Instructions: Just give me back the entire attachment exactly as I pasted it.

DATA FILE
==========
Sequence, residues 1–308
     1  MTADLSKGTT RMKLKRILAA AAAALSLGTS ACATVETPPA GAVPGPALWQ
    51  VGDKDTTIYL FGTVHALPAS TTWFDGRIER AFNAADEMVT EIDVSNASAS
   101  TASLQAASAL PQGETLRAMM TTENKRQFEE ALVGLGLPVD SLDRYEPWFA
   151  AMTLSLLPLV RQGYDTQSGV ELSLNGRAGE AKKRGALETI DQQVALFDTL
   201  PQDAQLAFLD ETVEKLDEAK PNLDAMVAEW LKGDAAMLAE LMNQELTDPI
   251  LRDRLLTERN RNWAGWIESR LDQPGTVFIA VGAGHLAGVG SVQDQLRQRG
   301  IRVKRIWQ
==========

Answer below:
Sequence, residues 1–308
     1  MTADLSKGTT RMKLKRILAA AAAALSLGTS ACATVETPPA GAVPGPALWQ
    51  VGDKDTTIYL FGTVHALPAS TTWFDGRIER AFNAADEMVT EIDVSNASAS
   101  TASLQAASAL PQGETLRAMM TTENKRQFEE ALVGLGLPVD SLDRYEPWFA
   151  AMTLSLLPLV RQGYDTQSGV ELSLNGRAGE AKKRGALETI DQQVALFDTL
   201  PQDAQLAFLD ETVEKLDEAK PNLDAMVAEW LKGDAAMLAE LMNQELTDPI
   251  LRDRLLTERN RNWAGWIESR LDQPGTVFIA VGAGHLAGVG SVQDQLRQRG
   301  IRVKRIWQ